Sunday, August 8, 2010

Skills for life??



In the past week I have had the pleasure of attending my two sons parent teacher interviews, overall the comments were positive and productive as much as 5 minute slots will allow but there were a couple of things that got me thinking.

A number of the teachers said things like ...
"He knows the content, he just has to be able to write a good essay to show it in his writing"
"We are really trying to get the content finished - then we will get onto the skills of how to write an effective essay and short responses so he will do well in the external exams"
"Hopefully we will have enough time at the end of the content before the exams to go over the skills required to write the essay in the style required"

My thinking was - should skills come before content, content before skills or, should they be taught in tandem? My feeling is that they should be taught in tandem - there should not be separation if the requirement is to write an effective essay to include sufficient content. Both areas are as important as the other.

I brought this up with my husband and he mentioned from a non educators point of view "Why do they need to know how to write essays? How many occupations require essays to be written as part of the job description or role?" And, thinking about it - why do we need to know how to write an effective essay? Is it for university courses? Then the universities have determined what skills should be taught in school ...

Essay writing does allow you to organise your thoughts, arguments and clarify opinion, however, is it really necessary to learn how to write a good essay to do this? How many occupations do you know that require essay writing? Off the top of my head journalists, lawyers maybe, people who are publishing research and other commentaries, bloggers? Is essay writing really a life skill that should have as much emphasis on assessment as it does in exams and assignments? If a student knows the reasons behind why, where and how, why should they penalised if they cannot write it in an effective essay especially in the current climate of differentiation in education.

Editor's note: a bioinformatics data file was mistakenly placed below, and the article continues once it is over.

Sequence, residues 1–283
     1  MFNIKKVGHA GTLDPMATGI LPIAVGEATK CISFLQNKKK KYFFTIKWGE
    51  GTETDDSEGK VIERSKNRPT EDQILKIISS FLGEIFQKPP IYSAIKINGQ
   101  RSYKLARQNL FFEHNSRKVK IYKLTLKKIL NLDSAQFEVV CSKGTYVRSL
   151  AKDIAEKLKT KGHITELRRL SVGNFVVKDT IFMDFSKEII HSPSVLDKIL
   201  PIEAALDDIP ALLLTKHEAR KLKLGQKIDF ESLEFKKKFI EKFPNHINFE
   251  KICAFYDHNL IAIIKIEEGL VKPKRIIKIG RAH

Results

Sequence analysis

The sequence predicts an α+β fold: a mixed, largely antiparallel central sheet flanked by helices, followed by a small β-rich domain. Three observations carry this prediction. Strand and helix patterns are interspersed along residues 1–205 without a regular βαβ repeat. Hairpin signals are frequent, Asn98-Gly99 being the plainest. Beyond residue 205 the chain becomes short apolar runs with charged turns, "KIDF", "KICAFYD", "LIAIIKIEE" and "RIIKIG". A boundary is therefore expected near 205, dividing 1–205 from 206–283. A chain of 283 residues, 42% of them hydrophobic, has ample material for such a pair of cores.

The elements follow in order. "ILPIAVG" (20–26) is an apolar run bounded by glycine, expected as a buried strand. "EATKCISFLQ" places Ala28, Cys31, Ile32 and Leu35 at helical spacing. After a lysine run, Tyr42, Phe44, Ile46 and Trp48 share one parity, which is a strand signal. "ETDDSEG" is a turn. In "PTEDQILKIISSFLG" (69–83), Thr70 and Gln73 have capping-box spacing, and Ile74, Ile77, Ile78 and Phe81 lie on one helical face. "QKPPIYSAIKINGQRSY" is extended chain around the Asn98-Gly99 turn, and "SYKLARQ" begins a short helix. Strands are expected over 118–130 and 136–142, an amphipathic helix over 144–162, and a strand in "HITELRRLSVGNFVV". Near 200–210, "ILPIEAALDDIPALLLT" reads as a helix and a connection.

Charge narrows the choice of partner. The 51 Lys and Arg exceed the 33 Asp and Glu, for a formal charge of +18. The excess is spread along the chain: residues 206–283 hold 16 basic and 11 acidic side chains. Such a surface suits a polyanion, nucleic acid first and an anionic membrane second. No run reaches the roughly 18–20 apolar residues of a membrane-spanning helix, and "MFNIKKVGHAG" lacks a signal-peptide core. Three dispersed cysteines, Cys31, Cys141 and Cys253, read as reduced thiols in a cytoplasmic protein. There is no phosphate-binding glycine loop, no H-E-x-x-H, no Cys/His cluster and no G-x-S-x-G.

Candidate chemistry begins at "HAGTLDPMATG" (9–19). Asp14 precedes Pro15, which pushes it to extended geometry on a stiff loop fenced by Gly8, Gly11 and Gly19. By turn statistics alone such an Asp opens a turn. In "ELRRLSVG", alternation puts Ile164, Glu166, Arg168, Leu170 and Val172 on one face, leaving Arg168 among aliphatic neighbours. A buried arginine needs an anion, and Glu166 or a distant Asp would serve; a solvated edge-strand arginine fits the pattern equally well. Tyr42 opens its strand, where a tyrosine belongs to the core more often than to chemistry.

The current external examination process my sons are sitting certainly benefit those who can write a good essay but discriminates against those who can't. Why should this be the case? Thoughts???

3 comments:

Greig said...

Writing is a skill for life. Kids should write through out their school years. Yes, writing does help to organize your thoughts, but it also constituent with language itself. The ability to write well over time gives one mastery over language -- which in our information rich world, is a high priced commodity. Writing is in tandem with reading; we write and read throughout life in numerous capacities. What the essay does is focus students on the process of writing. Yes, you are right, many professions do not require a five paragraph essay on the pros and cons of some topic, but I think you miss the point. Writing well requires good research skills (a valuable skills); integration of what you have learned (sources) into a synthetic whole (integrating sources) and evaluating what you read in your writing (evaluation of sources). Writing forces you to think through an issue adequately. Also, writing also allows students to find a proper voice. To understand audience and tone. To differentiate between fact and opinion. Writing increases reading comprehension. Writing helps people articulate their thoughts and emotions. A good English teacher incorporates many kinds of writing assignments. If your son "knows the content" he should also be able to practice incorporating what he knows into what he can write. Even if he grows up to be a stay at home dad who raises his kids while his wife makes the money, he may still want to organize his thoughts one day into a cohesive, well-thought out essay that he publishes on his blog. With the proliferation of writing on the Internet, it is a GOOD thing to find decent prose that is not crap. I BET anyone's DECENT prose can be attributed, somewhere along the way, to a good teacher. Now, can you get by in life without writing well? I guess you can. But, it is about enrichment of thought. It is about the Liberal Arts, man. You can say the thing about reading. Can a person get by in life without ever having read a novel or a non-fiction book? I guess he can, but the same argument holds: what life (at the end of the day) has he created for himself? I think both reading and writing, therefore, should be incorporated into Language Arts Curricula. To understand the content one must be able to articulate (at their appropriate age level) what they have learned in their own words. I think if we don't encourage massive amounts of writing in the classroom, we may produce students who "know" their content, but we would be at loss to produce students who have the skill to produce content.

Dianne said...

Thanks for your comments and insight Greig, you have articulated what I was 'sort of' thinking but couldn't do myself when trying to explain to my husband why I thought an essay is a real skill, and why I posted what I did - hoping that someone would help me out. Thanks.

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